Wash, remove stems and chop into 1/4-inch pieces:
3 1/2 pounds quinces
Place in a large heavy saucepan with:
7 cups water...
We often talk of the lemons that life gives us and the lemonade we're supposed to make from them. That's all well and good, but often, life gives you other things. Like sugar snap peas or potatoes. What then?
What I do know is that when life gives you a $13 flat of dead-ripe local strawberries, you have no choice but to make jam. And shortcakes and strawberry rhubarb pie. But I also like to take advantage of a windfall by making something new to me.
I've been reading about shrubs for a year or so, and they slip in and out of my mind periodically. But it's always easier to make something when you already have the ingredients on hand. If you have to go through the process of making a list and running to the store, that's two strikes against you doing what you set out to do.
Thus, when I found myself in a position of strawberry wealth, I gladly set some aside for a shrub.
Shrubs are old-fashioned vinegar and fruit based drinks. Ideally, they're sweet enough to temper the tang of the vinegar, but sour enough to catch the back corners of your mouth. They can be added to water or sparkling water, cocktails, or even ice cream or shave ice. In essence, they're just really yummy flavoring syrups.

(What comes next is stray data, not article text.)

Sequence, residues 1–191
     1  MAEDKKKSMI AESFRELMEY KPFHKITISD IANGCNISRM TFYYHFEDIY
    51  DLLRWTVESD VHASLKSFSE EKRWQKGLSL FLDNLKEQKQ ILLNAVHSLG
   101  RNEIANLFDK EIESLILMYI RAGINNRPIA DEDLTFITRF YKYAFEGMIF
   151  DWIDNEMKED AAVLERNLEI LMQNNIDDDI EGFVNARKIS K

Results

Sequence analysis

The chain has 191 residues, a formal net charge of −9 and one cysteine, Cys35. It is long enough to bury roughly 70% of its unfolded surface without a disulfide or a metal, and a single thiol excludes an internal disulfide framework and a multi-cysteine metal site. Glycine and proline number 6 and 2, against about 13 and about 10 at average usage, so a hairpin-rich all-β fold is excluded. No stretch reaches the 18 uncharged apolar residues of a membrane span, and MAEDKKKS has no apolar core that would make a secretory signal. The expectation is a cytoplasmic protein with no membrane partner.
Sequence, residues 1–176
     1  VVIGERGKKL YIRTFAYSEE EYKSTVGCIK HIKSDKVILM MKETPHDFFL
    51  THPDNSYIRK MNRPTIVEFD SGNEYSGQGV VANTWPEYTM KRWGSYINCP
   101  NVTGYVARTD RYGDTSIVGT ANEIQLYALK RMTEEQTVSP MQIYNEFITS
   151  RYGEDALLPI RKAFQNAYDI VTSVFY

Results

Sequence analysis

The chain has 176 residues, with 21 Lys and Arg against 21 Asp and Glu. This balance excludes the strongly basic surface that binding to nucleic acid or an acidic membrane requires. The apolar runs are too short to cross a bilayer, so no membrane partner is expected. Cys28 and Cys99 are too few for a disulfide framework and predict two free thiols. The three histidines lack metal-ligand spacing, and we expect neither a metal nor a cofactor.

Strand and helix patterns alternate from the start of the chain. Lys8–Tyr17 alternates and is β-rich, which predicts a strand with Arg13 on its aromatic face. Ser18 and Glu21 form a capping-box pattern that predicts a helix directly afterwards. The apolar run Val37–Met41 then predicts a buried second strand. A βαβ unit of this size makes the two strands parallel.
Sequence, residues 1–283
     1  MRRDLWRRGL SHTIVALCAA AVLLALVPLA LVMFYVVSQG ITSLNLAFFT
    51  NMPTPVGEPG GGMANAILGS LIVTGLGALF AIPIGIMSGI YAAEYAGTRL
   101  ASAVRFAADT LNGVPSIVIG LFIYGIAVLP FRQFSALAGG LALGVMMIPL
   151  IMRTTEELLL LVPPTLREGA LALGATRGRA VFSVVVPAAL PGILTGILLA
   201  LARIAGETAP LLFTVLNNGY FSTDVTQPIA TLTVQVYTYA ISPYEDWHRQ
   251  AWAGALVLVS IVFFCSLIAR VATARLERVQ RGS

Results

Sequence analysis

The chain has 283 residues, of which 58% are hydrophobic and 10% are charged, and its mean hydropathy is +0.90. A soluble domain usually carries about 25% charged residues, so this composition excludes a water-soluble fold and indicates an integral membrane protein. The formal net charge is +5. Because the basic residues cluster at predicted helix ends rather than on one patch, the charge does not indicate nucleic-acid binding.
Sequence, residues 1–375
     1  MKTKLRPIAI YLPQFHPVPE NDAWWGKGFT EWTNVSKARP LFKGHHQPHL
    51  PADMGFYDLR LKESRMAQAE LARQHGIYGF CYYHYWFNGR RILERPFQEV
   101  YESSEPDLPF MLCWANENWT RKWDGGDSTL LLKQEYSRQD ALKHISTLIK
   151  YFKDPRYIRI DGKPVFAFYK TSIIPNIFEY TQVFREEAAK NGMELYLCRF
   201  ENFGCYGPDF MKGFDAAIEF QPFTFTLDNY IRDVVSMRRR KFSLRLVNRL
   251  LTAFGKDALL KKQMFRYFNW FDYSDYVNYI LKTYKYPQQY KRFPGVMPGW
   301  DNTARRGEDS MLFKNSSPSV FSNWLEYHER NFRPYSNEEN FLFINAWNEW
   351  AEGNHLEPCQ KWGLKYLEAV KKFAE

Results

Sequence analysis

The best part is that shrubs are easy peasy and only have three ingredients--fruit, sugar, and vinegar. The hardest part is straining the shrub, and even that is pretty stone simple. To get a somewhat clearer shrub, I filtered mine through a coffee filter after removing the large chunks of fruit. But really, you don't need to do this. Simply strain it through a fine mesh strainer.
Combine in a medium bowl:
1 cup sliced strawberries
1 cup granulated sugar
1 cup red wine vinegar
1 handful mint leaves
Using a potato masher or a wooden spoon, mash the berries so they release their juices. Stir until the sugar has mostly dissolved and refrigerate overnight.
The next day, remove the mixture to a saucepan and heat gently over medium-low heat. Do not bring to a simmer--you simply want to heat the mixture to coax the sugar to dissolve.
Strain the shrub through a fine mesh strainer. If desired, strain again through a coffee filter. Refrigerate.
Use to flavor water or sparkling water, make cocktails, or top ice cream or shave ice.